Riddell: The competitive choice
Not Business As Usual
Whether large or small, every business owner/manager should be able to answer the simple question of exactly what is the company’s competitive strategy. Unfortunately, once you get past the blank stares or eyes rolling to heaven, the simplistic answer is to sell more and/or make more money. I submit to you, however, that both responses are results of a competitive strategy—either consciously or unconsciously. The real pro, however, makes a conscious decision and thereby manages his or her business as opposed to the business managing him or her.
Michael Porter, a renowned Harvard business professor, did some extremely important and useful work in the area of competitive strategy. Without delving into a semester’s work of study, suffice it to say that he divided competitive strategy into two broad categories. The first is called Low Cost and is characterized by an organizational philosophy that focuses on lowering costs in every functional unit of the business. Interestingly enough, lower cost may or may not indicate lower prices. Pricing is a function of the marketplace. The second category is known as Value Added or Differentiation. With this approach a conscious effort is made to inject some customer driven value into the purchasing process and the customer is willing to pay for the cost of this increased value with a little extra thrown in for profit. This value or differentiation could be in the final product itself or it could be further up the value chain in an area such as distribution or further down the chain in post-sales service and support.
The great trap that many unaware business owners and manager fall into is that they profess to want to be both—low cost and value added. While on the surface, this bumper sticker slogan certainly sounds good, the simple fact is that you cannot do it. Simply stated, the companies that focus on low cost will one day achieve superiority in costing and the companies that focus on value will one day achieve superior value and those “stuck in the middle,” trying to do both, will get decimated on both ends.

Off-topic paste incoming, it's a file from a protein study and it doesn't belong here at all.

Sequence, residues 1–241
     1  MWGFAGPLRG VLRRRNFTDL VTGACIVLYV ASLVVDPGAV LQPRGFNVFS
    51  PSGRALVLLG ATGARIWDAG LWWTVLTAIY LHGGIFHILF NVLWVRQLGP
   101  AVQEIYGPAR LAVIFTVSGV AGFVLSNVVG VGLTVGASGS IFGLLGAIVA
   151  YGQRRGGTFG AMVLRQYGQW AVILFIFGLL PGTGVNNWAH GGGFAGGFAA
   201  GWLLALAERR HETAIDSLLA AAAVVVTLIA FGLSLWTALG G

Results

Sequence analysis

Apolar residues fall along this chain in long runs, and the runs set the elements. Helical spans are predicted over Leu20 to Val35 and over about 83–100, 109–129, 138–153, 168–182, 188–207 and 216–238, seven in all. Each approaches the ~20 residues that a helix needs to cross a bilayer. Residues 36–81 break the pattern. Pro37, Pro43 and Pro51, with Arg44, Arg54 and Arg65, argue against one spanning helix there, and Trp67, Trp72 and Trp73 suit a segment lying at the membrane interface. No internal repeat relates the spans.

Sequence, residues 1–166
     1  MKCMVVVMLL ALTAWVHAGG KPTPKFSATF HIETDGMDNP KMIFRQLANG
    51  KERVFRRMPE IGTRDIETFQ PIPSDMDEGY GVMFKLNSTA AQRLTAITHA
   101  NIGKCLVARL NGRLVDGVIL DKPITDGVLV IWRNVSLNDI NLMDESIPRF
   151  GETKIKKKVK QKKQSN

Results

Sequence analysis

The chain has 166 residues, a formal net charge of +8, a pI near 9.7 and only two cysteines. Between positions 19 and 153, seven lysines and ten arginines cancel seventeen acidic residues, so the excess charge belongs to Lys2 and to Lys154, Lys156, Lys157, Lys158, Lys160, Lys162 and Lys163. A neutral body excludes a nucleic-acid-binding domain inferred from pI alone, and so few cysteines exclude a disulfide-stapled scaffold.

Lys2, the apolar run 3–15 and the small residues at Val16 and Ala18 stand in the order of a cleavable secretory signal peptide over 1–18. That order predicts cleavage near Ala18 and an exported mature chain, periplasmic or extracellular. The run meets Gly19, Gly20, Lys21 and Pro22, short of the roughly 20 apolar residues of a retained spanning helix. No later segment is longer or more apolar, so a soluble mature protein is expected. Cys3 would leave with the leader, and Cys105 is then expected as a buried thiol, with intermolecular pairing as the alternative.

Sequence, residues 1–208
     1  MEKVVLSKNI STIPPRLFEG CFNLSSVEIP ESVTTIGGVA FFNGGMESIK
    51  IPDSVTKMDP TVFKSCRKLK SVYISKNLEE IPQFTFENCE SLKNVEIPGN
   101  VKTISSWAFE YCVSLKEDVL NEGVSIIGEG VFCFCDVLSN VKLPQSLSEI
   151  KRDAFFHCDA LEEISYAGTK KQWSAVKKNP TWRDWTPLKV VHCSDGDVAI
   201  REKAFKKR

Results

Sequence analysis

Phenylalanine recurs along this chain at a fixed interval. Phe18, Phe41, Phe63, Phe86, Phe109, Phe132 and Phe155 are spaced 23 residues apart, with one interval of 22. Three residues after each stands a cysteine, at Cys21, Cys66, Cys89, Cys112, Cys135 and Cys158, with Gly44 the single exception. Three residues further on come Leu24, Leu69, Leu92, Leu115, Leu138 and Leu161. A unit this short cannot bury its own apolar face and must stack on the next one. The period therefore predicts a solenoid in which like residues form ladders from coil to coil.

I cannot begin to tell you the number of businesses, large and small, that I have been asked to help that could not define their basic competitive strategy. Yet when they did and we aligned all the functional units of the business, all saw dramatic improvement. Often the focus was simply a slight adjustment, but each always required that their internal compensation policy be addressed.
Whether Low Cost or Value Adding, compensation programs need to be structured such that every day, every employee is coming to work knowing their charter. Simply put, it is to either find some way to reduce costs without damaging customer satisfaction (Low Cost) or improve the perception of value while staying in the customer’s affordability range (Value Adding). Both approaches are also traditionally characterized by small incremental steps that over time add up and present a very formidable barrier to new competitors deciding to come into the market.
Deciding on and implementing a competitive strategy is a very effective tool for every manager desiring to put a little rhyme and reason into what often is a very chaotic environment. Next column we’ll deal with the difference in strategy and tactics and provide some tactical insights for both strategies.
Following a successful international business career, John Riddell turned his attention to small business/entrepreneurial pursuits that included corporate turn-arounds, start-ups, teaching, authoring business and sports columns and serving as VP for the Chattanooga Chamber of Commerce directing its Center for Entrepreneurial Growth.
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